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Cry the Beloved Country

In PatonÆs Cry the Beloved Country, the differences and similarities between Stephen Kumalo and James Jarvis embody a number of different themes expressed in the book. For example, Kumalo is family oriented while Jarvis laments he never got to know his son better. Kumalo is rural and embraces the values of rural life, such as family and community, while Jarvis is urban and only eventually comes to appreciate the values of rural life. Likewise, Jarvis initially does not understand the injustices and lack of Christian values extended toward Africans while Kumalo spends his life trying to aid Africans. It is through these differences that similarities between the two men emerge, such as their love of their sons and their eventual understanding that coming together and working together through Christian values are the only hope for all individuals and South Africa itself.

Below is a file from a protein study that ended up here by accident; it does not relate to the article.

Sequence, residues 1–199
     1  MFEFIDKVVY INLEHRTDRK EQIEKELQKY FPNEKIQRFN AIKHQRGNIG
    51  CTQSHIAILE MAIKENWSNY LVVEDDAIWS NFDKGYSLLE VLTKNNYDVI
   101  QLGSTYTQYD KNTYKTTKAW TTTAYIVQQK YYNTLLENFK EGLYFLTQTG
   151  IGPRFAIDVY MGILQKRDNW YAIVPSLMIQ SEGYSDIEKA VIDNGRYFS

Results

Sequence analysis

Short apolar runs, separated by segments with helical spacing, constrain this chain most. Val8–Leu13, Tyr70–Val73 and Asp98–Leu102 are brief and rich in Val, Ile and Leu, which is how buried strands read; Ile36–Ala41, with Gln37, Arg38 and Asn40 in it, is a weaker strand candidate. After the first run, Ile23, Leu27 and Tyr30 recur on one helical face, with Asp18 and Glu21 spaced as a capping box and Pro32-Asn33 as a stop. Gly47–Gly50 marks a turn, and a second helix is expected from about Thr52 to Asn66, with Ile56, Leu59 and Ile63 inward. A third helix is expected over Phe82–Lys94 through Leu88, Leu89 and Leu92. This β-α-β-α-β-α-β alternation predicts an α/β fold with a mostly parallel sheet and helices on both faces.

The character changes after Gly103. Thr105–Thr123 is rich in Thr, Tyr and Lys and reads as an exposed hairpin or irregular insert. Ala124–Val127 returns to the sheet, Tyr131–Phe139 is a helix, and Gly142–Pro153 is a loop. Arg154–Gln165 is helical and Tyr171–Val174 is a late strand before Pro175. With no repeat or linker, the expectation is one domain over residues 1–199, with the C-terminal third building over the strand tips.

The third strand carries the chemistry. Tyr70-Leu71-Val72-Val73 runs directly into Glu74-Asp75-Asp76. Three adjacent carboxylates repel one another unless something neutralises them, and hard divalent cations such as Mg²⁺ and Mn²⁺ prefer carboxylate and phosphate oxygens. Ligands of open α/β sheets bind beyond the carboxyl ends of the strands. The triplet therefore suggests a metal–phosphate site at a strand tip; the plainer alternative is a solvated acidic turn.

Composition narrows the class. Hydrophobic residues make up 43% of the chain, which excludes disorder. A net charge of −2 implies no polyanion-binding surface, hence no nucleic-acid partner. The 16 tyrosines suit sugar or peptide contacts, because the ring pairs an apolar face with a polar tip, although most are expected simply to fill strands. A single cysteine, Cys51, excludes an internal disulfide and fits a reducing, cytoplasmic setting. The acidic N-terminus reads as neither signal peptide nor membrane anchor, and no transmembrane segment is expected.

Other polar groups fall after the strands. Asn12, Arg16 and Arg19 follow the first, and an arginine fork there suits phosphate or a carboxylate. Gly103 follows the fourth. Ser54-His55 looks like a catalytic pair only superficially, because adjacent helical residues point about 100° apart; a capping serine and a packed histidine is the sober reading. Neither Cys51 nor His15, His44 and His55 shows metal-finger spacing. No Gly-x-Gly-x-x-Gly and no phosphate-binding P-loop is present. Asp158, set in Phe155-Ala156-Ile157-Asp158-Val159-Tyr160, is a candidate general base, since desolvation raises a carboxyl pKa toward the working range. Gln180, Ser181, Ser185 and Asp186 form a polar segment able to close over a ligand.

In the first part of the book we come to know Stephen Kumalo, while in the second half we are provided with the perspective of James Jarvis. We find that Kumalo is an embodiment of Christian values and of the rural land. He is a minister who cars for his people and who cares for what is happening in Ixoptie. Early in the novel we see that the land symbolizes the interconnectedness of all things human, but all things human and the land are in jeopardy in South Africa, ôKeep it, guard it, care for it, for it keeps men, guards men, cares for men. Destroy it and man is destroyed,ö (Paton 33). Like the drought that plagues the land and jeopardizes rural inhabitants, so the lack of Christian values extended toward them by whites also threatens to destroy South Africa.

In the course of the novel we discover that Kumalo is very family oriented but his family is being pulled apart by illness and the crime committed by his son. He is a very sacrificing and caring father and sacrifices his sonÆs tuition money to help his sick sister, ôHow can


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Cry the Beloved Country. (1969, December 31). In Retrieved 15:43, December 06, 2021, from